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About Nantucket

The Opera House Cup

by Andrew Spencer

photography by Terry Pommett

What wonder, then, that these Nantucketers, born on a beach,
should take to the sea for a livelihood…Two-thirds of the terraqueous globe are the Nantucketer’s. For the sea is his. He alone in Bible language goes down to it in ships. There is his home; there lies his business.

Herman Melville
Moby Dick

Were it not for the ill-fated whaleship Essex, it is entirely possible that Nantucket would never have achieved her status as a literary icon. However, as American literature students the world over know all too well, the Essex was stove-in by a whale, Melville wrote “Moby Dick” and the rest is literary history. Regardless of your feelings for the novel, there’s no questioning Nantucket’s status as the whaling capital of the world in the early 19th century. The maritime tradition that sprang from the early whaling days survives today, but in a dramatically different format. Sailboats still launch from Nantucket harbor daily, but these days, many of them are headed out to the racecourse to test their skills rather than out to the whaling grounds to make a living. One of the best-known races in the Nantucket sailor’s lexicon is the famed Opera House Cup.

Like so many other things associated with Nantucket, the Opera House Cup is so much bigger than the sum of its parts. Like so many other people, places and events on this magical island, there’s a great story behind it. And the story of the Opera House Cup begins with a little restaurant down on South Water Street called the Opera House and a strong-willed lady with her own story to tell, Gwen Gaillard. Because just as there’s a story behind “Moby Dick”, so, too, is there a great story behind one of the greatest sailboat races to be found anywhere in the world.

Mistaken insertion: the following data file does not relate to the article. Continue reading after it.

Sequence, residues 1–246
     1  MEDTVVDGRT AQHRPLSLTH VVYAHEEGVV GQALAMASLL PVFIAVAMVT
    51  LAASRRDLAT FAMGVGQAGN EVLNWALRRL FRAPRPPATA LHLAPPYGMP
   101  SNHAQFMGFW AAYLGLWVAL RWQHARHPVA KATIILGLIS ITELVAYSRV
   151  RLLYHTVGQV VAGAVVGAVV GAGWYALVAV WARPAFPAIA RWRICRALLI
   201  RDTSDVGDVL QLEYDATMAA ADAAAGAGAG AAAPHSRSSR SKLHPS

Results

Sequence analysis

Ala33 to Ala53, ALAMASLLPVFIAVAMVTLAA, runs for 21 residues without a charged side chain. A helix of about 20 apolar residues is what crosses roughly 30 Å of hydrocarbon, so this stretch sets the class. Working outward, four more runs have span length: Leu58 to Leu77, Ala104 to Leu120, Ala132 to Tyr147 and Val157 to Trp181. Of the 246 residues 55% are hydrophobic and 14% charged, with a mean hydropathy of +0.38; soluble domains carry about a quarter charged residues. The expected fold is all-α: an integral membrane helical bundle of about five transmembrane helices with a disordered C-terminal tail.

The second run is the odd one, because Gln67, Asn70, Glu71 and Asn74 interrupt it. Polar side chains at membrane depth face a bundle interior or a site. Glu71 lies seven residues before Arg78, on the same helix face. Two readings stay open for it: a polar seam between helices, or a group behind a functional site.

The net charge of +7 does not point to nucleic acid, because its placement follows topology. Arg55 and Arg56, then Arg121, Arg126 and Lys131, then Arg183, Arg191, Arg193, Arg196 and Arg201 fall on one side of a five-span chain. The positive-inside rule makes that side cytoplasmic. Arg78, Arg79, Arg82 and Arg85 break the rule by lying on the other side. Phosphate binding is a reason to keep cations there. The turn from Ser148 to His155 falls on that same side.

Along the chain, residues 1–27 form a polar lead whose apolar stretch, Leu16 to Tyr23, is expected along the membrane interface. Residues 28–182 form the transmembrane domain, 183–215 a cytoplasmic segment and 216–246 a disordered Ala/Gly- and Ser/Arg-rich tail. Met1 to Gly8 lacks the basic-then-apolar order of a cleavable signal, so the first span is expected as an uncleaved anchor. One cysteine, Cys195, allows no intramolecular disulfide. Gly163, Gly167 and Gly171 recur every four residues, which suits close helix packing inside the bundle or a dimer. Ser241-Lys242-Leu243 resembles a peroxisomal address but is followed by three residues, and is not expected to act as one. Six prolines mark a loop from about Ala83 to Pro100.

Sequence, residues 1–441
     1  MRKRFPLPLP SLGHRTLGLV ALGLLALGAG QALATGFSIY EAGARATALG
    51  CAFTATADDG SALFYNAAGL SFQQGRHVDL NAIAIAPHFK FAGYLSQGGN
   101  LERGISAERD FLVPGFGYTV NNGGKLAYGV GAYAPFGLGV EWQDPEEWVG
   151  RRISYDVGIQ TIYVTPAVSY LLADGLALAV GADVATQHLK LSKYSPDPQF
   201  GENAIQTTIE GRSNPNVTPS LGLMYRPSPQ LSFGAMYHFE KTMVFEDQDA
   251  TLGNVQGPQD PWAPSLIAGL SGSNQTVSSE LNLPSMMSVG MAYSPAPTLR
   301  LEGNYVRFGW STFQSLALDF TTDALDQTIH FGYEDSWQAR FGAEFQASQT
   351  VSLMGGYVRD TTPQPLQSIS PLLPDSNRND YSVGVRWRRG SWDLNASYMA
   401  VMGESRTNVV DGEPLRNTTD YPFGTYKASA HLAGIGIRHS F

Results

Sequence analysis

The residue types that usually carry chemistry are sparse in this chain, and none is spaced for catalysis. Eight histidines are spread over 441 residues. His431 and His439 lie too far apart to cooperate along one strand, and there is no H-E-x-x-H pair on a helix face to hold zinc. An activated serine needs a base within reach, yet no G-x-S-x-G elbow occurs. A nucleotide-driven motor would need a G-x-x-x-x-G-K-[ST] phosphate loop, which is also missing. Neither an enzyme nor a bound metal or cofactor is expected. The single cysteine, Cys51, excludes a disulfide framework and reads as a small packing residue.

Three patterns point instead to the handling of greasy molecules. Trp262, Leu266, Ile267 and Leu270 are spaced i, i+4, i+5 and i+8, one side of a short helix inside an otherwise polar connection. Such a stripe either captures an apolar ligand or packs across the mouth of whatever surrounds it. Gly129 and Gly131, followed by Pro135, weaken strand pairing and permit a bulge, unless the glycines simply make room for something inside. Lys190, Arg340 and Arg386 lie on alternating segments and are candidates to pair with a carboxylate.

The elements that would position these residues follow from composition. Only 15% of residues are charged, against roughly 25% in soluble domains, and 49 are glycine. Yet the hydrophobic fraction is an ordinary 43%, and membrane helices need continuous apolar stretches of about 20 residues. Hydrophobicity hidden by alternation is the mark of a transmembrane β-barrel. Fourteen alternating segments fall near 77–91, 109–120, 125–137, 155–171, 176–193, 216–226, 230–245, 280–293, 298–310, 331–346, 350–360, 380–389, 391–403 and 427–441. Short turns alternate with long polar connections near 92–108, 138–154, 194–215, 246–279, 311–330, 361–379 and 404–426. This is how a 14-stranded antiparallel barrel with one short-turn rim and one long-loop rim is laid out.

Anyone who has been around Nantucket for many years has some recollection of the Opera House. I remember standing outside the restaurant one summer night during my childhood, talking to my friend Chris Lowenstein and trying to figure out whose turn it was to pay at the Sweet Shop. My ninety-five-year-old neighbor Bea Leger recalls the time that Judy Garland—“Judy Gaaahland,” as she tells the story – sang at the restaurant, and as word circulated through town that the young star was performing, people came from everywhere to listen. And the list of those who worked at the restaurant includes members of Nantucket’s who’s who, like Cinco Restaurant owner Michael Sturgis and photographer Terry Pommett. Truly, the Opera House was a place of legends, both present and future.

Inside the restaurant, Gwen would sit at her table – Table 1 – and greet patrons as they arrived. “She was like Martha Stewart before Martha Stewart” remarked her son Michael Gaillard. And her restaurant was legendary. “The Nantucket restaurant scene back then wasn’t what it is today,” said Michael. “It was a lot more casual. But Gwen brought in that New York City sophistication. She was the first one to have Häagen-Dazs ice cream on Nantucket. She was the first to have escargot. She really raised the bar for restaurants on the island.”

Working together with her husband Harold, Gwen managed to create a formal Nantucket institution, in every sense of the word. And it stayed formal for many years — coat and tie were de rigueur — until Harold’s death in 1972. Harold was the more formal one of the pair, whereas Gwen had something of a wild side to her, a side that she kept in abeyance during her days of running the front of the house at the Opera House. But after Harold’s passing, Gwen “let her hair down,” according to her son. A new, more relaxed atmosphere rose up from the formal airs Harold had left behind. But underneath that new casual savoir faire was the sadness that accompanied her husband’s death.